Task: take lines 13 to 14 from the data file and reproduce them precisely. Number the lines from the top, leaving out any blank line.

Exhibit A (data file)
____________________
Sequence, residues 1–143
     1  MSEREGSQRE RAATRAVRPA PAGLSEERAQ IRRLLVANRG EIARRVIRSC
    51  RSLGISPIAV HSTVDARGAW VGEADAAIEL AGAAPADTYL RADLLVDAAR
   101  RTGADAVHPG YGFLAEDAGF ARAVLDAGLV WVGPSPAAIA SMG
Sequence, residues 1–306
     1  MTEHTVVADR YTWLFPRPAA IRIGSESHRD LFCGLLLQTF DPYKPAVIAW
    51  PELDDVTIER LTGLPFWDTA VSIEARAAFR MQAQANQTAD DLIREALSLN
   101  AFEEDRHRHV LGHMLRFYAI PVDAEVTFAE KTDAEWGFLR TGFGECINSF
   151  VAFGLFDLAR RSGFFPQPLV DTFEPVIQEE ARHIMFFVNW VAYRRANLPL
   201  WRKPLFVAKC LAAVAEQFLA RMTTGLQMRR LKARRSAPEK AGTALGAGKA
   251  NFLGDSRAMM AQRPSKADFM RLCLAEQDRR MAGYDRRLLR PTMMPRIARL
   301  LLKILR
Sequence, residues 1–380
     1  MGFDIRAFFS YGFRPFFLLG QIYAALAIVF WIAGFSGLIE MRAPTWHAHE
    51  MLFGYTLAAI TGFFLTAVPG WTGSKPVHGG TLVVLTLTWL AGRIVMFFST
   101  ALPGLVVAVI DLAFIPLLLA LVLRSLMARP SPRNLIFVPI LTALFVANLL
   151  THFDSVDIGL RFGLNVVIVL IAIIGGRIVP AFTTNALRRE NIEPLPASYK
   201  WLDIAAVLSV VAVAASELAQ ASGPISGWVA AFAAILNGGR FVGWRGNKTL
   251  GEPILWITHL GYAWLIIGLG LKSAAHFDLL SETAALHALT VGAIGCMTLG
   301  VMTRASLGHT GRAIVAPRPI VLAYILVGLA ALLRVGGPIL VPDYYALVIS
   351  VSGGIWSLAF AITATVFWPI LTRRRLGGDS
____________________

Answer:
Sequence, residues 1–380
     1  MGFDIRAFFS YGFRPFFLLG QIYAALAIVF WIAGFSGLIE MRAPTWHAHE